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Serious crime in New London down slightly in 2012

By Greg Smith

Publication: The Day

Published October 12. 2013 4:00AM   Updated October 13. 2013 12:19AM
Police: Pattern holding steady despite severe reduction in manpower

New London - The number of serious crimes dropped slightly in the city in 2012 and despite a significant drop in manpower this year, police officials say they are on track to hold steady or even record another dip in crime in 2013.

The city's crime rate, the highest in New London County, decreased overall for so-called index crimes that include murder, rape, robbery, aggravated assault, burglary, larceny, motor vehicle theft and arson, according to statistics compiled in the annual publication Crime in Connecticut, which follows a national Uniform Crime Reporting Program maintained by the Connecticut State Police Crime Analysis Unit.

Reported rapes, burglaries and larcenies were down last year while motor vehicle thefts, assaults and robberies were up. There were three murders reported in both 2011 and 2012. New London has averaged two murders a year since 2002, the last year the city went without one.

Murder numbers, for purposes of the report, include manslaughter cases in which a homicide involved gross negligence. There was one homicide reported in the city this year - the August shooting death of 29-year-old Jesus Pinero. That case remains unsolved.

While this year's overall crime numbers are shaping up to be flat or slightly below 2012 numbers, Deputy Police Chief Peter Reichard said assaults are down compared to last year and drug violations are significantly higher. He said there were 114 drug violations logged at this time last year and 189 so far this year - a 65 percent increase.

He said there was a drop in drug violations last year as investigators spent months working with federal officials on an operation that culminated in April with federal charges against more than 100 people connected to a drug trafficking and money laundering operation. Street-level arrests also are back up again this year and contributing to the higher numbers.

Reichard said many arrests so far this year have involved heroin and synthetic marijuana, which was banned in Connecticut last year after several years of being sold on convenience store shelves.

Police arrested four people Wednesday on Coit Street where police seized more than a pound of synthetic marijuana, along with other drugs and packaging material. In July, state police pulled over a New London man who police said was transporting 900 bags, or 23 pounds, of synthetic marijuana with an estimated street value of $18,000. A local man was arrested in February after police seized about 500 packages of K2, a variety of synthetic marijuana, during a raid at Sam's Food/Ravi Petro convenience store at 290 Broad St.

Reichard said there may not be a simple explanation for the drop in reported crimes in 2012 but there may be a correlation to a community-based policing strategy that shifts more officers to problem areas.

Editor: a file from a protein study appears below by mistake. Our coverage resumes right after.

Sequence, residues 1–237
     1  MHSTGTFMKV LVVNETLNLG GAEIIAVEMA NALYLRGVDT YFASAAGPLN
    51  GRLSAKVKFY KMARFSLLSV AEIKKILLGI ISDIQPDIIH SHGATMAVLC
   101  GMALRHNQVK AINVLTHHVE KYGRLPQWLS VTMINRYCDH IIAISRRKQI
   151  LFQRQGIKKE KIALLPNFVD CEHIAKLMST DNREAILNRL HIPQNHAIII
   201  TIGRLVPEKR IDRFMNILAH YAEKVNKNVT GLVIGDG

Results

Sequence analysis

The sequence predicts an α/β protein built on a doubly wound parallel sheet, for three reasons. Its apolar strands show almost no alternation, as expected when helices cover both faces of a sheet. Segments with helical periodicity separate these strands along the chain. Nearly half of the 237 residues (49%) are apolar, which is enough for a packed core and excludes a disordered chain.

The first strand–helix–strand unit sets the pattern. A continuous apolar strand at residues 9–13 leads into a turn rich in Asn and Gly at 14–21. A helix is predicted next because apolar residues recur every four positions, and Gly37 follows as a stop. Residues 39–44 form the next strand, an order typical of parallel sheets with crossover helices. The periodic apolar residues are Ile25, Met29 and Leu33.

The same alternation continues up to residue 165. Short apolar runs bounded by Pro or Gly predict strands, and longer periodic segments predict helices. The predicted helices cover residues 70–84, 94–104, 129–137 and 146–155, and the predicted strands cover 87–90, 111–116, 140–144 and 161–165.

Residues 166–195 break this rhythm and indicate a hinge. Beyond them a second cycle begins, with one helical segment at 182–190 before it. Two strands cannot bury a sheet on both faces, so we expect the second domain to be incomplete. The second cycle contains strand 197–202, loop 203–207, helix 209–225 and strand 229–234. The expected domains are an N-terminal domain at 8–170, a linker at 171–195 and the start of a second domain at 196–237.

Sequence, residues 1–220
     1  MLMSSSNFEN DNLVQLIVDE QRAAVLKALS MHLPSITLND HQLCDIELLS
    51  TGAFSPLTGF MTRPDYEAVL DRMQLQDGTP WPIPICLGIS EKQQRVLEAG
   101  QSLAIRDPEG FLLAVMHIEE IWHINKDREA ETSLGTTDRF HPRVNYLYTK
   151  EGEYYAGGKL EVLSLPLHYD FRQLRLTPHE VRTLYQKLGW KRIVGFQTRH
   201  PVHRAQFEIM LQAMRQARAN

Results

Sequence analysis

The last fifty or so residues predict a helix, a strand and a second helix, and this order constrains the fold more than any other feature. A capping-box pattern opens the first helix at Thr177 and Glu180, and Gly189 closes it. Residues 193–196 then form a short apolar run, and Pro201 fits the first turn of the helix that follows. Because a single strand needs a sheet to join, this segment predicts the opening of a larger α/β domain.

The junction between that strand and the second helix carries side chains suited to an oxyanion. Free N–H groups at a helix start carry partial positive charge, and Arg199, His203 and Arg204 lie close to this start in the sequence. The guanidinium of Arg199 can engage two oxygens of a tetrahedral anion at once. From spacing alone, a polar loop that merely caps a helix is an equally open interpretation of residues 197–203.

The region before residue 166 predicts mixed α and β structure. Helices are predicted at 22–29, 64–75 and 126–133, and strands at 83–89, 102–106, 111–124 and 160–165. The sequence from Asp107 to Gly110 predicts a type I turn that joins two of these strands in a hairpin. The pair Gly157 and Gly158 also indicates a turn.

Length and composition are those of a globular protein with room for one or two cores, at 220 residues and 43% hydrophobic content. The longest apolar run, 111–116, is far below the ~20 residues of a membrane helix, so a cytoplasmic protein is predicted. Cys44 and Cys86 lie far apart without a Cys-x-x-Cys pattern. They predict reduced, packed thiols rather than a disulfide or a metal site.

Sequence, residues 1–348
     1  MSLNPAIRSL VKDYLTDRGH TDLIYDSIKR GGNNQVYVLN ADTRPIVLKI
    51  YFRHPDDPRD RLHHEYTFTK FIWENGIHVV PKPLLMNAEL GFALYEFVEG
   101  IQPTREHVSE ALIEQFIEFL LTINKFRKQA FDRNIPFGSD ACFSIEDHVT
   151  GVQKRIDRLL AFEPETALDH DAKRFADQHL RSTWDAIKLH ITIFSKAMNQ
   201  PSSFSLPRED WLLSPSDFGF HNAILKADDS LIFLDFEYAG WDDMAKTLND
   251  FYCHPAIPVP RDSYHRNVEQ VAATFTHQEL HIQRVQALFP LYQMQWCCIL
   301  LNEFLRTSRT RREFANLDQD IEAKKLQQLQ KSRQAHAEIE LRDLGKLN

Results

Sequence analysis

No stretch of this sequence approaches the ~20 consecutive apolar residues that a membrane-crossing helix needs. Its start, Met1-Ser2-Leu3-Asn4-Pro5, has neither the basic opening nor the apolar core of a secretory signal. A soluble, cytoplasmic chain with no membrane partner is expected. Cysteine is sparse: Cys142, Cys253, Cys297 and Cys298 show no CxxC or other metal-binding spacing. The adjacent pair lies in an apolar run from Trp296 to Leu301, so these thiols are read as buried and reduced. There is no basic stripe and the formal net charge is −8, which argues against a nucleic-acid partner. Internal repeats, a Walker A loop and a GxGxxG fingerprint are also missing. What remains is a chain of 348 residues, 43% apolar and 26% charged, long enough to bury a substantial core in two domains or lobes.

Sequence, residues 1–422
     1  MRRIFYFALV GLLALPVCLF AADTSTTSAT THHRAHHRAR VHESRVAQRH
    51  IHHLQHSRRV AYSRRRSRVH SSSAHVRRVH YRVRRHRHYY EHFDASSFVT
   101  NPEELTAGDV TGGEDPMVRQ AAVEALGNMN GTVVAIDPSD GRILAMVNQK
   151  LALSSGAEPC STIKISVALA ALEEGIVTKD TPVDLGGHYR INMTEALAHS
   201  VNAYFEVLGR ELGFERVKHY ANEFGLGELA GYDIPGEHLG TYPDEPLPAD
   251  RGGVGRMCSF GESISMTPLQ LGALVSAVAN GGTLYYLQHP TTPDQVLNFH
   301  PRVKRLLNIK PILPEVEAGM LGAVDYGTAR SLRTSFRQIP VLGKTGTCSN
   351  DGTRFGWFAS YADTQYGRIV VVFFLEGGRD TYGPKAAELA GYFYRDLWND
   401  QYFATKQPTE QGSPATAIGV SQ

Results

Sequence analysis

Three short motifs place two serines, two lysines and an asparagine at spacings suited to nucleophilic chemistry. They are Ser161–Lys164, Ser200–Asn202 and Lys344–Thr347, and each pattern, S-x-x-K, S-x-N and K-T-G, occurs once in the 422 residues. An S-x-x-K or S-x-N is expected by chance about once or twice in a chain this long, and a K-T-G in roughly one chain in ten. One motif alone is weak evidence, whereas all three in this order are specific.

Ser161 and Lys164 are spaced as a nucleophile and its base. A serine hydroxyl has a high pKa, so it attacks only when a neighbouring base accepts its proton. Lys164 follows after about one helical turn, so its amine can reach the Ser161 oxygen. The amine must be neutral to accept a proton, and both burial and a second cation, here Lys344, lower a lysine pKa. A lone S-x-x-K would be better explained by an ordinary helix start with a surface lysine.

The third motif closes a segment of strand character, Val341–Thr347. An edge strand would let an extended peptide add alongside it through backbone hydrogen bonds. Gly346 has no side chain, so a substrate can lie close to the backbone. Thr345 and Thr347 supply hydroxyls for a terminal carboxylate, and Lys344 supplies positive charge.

"It's more or less a chess game," Reichard said. "Extra officers are deployed to specific targeted areas. Hopefully the mere presence of officers in the areas … acts as a deterrent."

Reichard said the department used overlapping patrol shifts last year that effectively doubled the number of officers during specific times and in targeted areas. With a recent drop in manpower, however, he said the extra patrols are used to a lesser extent. "We at present just don't have the extra manpower to do it seven days a week," he said.

More than a dozen officers have left for other jobs in the past year following cuts to the department's budget and threats of layoffs. The number of uniformed officers dropped from 80 last year to below 70 this year.

Mayor Daryl Justin Finizio issued a statement on the release of the latest crime statistics. "The administration believes that better patrol strength allocations instituted by the police chief, and deputy chief, have had a positive effect on crime reduction," Finizio said. "Continued integration of community policing methodologies in our department will continue this trend, along with installation of better lighting and surveillance cameras throughout our city. The city also plans to begin hiring new officers and replacing vehicles and equipment, as long as our budget remains balanced and stable."

Along with a drop in serious crimes, New London police also recorded a drop in the total number of arrests, from 1,450 in 2011 to 1,141 in 2012, according to the report. Those arrests range from murder and rape to drunken driving and disorderly conduct.

Reichard said an analysis of 10 years worth of crime numbers show an encouraging trend of an increased number of crimes solved, dating back to a low of 14.4 percent in 2006. For 2012, 34.2 percent of the 1,130 reported major crimes were cleared.

Reichard said since an increase in the number of patrol officers may not be coming anytime soon, the department is concentrating on how to control crime with current numbers. "We work with what we have and not what we might have six months down the line," he said.

Reichard is also part of a working group exploring how technology might aid in crime deterrence, specifically with extra lighting and surveillance cameras. The city presently uses cameras in several locations but the technology is aging. He said the city is exploring a system that might be compatible with not only the school system, but with future purchases of cameras by downtown merchants.

g.smith@theday.com

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